There are more than 20 million smokers in Japan, including foreign tourists. While I don't avocate for smoking (on the contrary), and I don't even smoke myself, I have to keep wonder? Why is such much hate in Japan for smokers?

Hate for smokers in Japan is nothing compared to many other countries.

1 ( +2 / -1 )

People either don't or can't quit smoking because nicotine, in addition to being a poison, is highy addictive. Leaving aside what it does to other people around you, when you've been smoking for decades and hit 60 years of age your body wll be paying the price. Anything from high blood pressure to heart disase. And you will be paying thse medical bills.

1 ( +1 / -0 )

Smoking rooms, whether in hotels amusingly advertised as 'non-smoking' or shinkansen, are not airlocked. So you get the stink wafting out of them. Unpleasant.

Maybe they have sorted it but the first thing that hit you at Narita when you walked into the main area, was the faint smell of stale smoke. It's hardly a good first impression.

Japan is a lovely place, but it often smelled unpleasant due to cigarette smoke. I hope that gets fixed.

1 ( +3 / -2 )

...the first thing that hit you at Narita when you walked into the main area, was the faint smell of stale smoke...

That's what it is! I couldn't put my finger on it.

Yep, back in the day, the Joban Line was all smoking. And drinking. And fishy fish stick eating. Ahh, the good ol' days. Except for the smoking, of course.

0 ( +1 / -1 )

Rules against smoking are an affront to personal freedom, what a person does is no ones business but their own, government regulations dictating what a person can or cannot do is totalitarianism, and people have been conditioned into blindly accepting mandates from authoritarians.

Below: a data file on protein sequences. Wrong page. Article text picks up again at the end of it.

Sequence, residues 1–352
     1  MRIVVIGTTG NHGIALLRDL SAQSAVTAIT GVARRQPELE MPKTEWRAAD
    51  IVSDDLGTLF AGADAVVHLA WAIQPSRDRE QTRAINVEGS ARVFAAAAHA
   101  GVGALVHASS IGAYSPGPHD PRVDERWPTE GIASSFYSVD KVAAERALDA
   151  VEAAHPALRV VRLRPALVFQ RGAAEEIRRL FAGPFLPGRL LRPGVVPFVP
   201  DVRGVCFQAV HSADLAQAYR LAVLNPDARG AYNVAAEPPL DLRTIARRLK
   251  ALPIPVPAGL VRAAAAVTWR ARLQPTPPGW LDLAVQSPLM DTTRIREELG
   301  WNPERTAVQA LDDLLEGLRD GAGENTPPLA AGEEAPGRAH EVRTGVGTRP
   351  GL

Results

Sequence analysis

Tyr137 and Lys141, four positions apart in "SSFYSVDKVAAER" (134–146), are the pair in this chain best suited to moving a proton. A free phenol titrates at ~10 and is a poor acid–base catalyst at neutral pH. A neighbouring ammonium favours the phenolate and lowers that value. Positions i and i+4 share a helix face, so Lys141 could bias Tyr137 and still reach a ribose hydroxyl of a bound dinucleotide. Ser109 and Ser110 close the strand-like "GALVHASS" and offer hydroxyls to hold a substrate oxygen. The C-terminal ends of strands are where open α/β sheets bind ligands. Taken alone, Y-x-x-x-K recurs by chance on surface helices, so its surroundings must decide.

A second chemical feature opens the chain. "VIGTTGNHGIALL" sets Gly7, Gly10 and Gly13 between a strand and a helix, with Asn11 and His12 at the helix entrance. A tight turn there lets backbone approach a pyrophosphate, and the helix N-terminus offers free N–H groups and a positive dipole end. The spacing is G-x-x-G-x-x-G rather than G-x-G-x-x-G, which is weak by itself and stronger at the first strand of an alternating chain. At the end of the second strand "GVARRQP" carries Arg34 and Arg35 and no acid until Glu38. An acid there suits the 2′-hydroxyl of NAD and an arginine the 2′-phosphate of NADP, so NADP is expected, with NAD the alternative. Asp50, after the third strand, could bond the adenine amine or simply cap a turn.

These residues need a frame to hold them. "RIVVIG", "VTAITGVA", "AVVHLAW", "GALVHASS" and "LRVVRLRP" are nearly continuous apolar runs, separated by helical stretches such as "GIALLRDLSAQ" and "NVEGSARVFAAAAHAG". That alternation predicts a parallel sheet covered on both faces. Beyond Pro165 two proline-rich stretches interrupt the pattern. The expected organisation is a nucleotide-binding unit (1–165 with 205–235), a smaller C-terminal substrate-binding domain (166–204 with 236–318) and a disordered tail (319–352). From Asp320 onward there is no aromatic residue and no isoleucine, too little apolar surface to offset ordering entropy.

-5 ( +2 / -7 )

So can we please ban smoking indoors already? We're in 2024.

2 ( +3 / -1 )

Rules against smoking are an affront to personal freedom, what a person does is no ones business but their own, government regulations dictating what a person can or cannot do is totalitarianism, and people have been conditioned into blindly accepting mandates from authoritarians.

I don't buy this freedom/privacy argument for one minute. We live in a society. Smokers and their elevated related medical conditions are an unfair burden on the medical system (i.e. everyone)

So no, it's not an affront to their personal freedom and it's not their own business.

Their life style choice is an affront to others waiting in line for medical treatment plus an affront to the medical system, and therefore becomes the business of everyone who pays into that system.

All because smokers are inflicting unnecessary harm on themselves and constantly whining that they are all being persecuted.

2 ( +3 / -1 )

While I chose to give up smoking over half a century ago, I could pick it up again today. I loved smoking, so it is hard to criticize those who choose to keep doing it.

Whenever I think about starting up smoking again, I take a deep breath of clean air, and remind myself how pleasant that single experience is for me. Over the years I have known a lot of people with emphysema or lung cancer, and I much prefer the alternative.

1 ( +1 / -0 )

Rules against smoking are an affront to personal freedom, what a person does is no ones business but their own, government regulations dictating what a person can or cannot do is totalitarianism

Following that logic, people should not be told that can't litter and it shouldn't be punishable by law. People should be allowed to throw garbage everywhere and do absolutely anything they want, including walking around naked, vandalizing, etc. Because what people do is their own business. In other words, you want anarchy.

3 ( +3 / -0 )

Rules against smoking are an affront to personal freedom, what a person does is no ones business but their own, government regulations dictating what a person can or cannot do is totalitarianism, and people have been conditioned into blindly accepting mandates from authoritarians.

The ”Anybody telling me to not do something I want to do whenever and wherever I want regardless of its effects on others is a totalitarian” argument is both selfish, stupid and pathetic at the same time. Nice hat trick.

4 ( +4 / -0 )